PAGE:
Coordinator for Marina Silva Wants Former Presidents Lula da Silva and Fernando Henrique Cardoso as Allies

August 25, 2014

Mariana Carneiro – Folha de S. Paulo, 8/25/2014

On the morning of Friday, Aug. 22, economist Eduardo Giannetti da Fonseca was excited with the result of research done by the PSB and financial market institutions that suggested growth of electoral preferences of the party’s presidential candidate, former senator Marina Silva.

The research indicates that Silva, who Giannetti met on the 2010 campaign trail, has settled into second place in the presidential race this year and has the potential to defeat Dilma Rousseff (PT) in the second round.

The possibility of victory tends to feed speculations of the purpose of Giannetti, who describes himself as a person “without political ambitions,” in any future government. But he says he has no interest in being the next finance minister.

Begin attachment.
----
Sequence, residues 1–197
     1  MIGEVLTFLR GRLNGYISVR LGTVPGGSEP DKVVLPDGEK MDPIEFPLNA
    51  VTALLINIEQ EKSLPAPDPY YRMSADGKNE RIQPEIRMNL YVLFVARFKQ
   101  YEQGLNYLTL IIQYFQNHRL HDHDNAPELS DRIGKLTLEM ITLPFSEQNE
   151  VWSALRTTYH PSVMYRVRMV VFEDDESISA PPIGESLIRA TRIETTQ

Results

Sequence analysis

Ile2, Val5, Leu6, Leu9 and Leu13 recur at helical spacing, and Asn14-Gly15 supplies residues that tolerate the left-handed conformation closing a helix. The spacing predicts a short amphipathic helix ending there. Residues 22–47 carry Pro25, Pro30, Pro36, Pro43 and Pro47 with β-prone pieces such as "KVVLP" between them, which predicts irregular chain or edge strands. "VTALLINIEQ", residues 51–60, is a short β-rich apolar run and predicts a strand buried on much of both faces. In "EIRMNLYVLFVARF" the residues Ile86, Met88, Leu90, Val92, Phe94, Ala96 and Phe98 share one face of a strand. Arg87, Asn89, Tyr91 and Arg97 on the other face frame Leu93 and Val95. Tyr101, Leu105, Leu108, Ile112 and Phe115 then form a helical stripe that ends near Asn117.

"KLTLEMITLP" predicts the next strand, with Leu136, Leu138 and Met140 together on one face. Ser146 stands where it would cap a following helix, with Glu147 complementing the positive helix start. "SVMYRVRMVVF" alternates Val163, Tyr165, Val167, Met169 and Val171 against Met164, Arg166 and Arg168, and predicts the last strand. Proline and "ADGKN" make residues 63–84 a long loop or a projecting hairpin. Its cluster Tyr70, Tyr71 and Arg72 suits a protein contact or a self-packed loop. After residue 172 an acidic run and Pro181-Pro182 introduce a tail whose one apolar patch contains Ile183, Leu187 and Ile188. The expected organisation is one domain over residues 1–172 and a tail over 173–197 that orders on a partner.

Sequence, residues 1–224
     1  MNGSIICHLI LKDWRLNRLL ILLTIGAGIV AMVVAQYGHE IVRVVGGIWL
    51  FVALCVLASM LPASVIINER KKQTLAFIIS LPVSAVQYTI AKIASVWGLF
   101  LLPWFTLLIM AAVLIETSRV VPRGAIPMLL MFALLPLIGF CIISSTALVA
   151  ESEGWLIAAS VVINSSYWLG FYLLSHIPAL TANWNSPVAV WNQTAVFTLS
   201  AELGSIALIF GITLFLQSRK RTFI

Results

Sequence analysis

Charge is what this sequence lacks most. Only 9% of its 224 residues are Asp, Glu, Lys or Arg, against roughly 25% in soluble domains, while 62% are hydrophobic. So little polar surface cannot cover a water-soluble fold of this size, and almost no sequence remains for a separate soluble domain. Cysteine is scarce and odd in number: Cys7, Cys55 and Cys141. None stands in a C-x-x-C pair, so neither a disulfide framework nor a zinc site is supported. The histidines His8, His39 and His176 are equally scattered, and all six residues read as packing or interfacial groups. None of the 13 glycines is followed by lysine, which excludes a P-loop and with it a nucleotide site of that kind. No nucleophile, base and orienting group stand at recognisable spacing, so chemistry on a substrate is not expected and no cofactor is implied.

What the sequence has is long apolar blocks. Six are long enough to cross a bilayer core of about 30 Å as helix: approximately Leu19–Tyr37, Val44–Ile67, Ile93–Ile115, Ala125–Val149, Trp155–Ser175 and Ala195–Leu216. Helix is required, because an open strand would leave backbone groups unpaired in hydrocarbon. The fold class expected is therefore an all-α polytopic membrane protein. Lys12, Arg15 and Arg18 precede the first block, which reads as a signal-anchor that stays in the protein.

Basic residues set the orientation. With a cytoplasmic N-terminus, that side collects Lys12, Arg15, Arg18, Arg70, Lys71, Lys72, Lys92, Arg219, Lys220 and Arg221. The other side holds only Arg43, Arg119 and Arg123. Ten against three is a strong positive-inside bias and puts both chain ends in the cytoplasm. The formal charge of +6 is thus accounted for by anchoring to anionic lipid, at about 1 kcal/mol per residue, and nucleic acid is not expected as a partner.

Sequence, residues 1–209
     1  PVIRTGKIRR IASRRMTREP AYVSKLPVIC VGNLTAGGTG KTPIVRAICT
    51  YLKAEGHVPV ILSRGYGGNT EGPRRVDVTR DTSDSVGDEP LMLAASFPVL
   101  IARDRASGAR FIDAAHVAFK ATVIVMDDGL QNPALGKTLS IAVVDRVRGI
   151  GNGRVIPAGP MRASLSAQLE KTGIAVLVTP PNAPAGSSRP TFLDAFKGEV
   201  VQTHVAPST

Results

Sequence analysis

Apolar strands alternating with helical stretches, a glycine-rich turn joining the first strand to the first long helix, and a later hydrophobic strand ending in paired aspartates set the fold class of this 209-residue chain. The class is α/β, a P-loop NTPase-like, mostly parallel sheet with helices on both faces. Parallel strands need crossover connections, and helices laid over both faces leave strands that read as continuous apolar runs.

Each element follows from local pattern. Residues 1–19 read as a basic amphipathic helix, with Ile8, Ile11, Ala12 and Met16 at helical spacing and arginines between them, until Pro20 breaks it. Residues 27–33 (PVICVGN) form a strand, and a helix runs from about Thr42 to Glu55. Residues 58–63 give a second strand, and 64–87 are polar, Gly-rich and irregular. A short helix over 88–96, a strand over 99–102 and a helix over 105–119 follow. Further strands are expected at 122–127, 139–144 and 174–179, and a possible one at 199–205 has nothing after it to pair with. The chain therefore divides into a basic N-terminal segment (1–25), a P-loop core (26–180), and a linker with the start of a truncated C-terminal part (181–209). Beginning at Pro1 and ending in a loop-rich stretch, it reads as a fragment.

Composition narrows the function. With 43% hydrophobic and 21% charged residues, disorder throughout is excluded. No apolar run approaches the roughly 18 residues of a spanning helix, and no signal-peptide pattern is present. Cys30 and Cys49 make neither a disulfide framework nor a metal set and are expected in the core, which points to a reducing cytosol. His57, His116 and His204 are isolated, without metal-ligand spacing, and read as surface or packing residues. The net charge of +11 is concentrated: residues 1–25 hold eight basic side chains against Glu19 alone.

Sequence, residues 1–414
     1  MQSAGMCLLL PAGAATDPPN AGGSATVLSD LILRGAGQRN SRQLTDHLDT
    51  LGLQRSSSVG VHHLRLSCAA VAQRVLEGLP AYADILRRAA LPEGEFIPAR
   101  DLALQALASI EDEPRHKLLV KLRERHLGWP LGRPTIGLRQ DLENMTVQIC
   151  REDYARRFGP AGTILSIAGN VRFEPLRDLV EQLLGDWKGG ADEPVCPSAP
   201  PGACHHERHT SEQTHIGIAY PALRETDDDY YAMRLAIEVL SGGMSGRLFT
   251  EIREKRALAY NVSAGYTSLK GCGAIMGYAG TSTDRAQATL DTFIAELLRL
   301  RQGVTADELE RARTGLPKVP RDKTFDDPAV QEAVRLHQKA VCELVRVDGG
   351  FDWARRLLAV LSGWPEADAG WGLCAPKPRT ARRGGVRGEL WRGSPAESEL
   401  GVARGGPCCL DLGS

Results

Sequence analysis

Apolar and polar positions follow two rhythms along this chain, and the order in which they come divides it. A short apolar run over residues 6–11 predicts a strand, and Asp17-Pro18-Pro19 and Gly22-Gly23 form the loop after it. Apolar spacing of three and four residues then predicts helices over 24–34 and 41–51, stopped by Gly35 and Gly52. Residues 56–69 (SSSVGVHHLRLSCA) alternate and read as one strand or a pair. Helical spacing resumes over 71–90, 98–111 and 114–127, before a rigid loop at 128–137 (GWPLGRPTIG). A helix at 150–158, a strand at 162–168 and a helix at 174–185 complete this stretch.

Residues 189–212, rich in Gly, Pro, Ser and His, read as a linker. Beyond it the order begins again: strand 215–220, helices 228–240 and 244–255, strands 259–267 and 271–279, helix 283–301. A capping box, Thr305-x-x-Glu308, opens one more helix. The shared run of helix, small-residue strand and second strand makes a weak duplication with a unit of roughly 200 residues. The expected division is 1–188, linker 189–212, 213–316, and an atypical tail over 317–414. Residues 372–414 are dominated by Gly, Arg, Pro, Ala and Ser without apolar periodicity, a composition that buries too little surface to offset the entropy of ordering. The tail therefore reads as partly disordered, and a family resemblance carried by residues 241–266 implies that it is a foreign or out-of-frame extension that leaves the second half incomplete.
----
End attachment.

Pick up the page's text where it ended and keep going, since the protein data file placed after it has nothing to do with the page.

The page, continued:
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Brazil’s presidential campaign

August 22, 2014

The Economist (print edition), 8/23/2014

IN HIS presidential bid Eduardo Campos, the former governor of Pernambuco, set out to break the mould of Brazilian politics, polarised between the ruling left-wing Workers’ Party (PT) of President Dilma Rousseff and the centre-right Party of Brazilian Social Democracy (PSDB), the main opposition. By cruel irony, Mr Campos’s untimely death in a plane crash on August 13th may have improved the chances of a “third way” in October’s election.

A poll by Datafolha taken after the tragedy and published on August 18th gave Mr Campos’s running-mate, Marina Silva, more than double his most recent showing (see chart). On August 20th Campos’s centrist Brazilian Socialist Party (PSB) duly blessed Ms Silva as his replacement, naming Beto Albuquerque, one of its congressmen, as her running mate.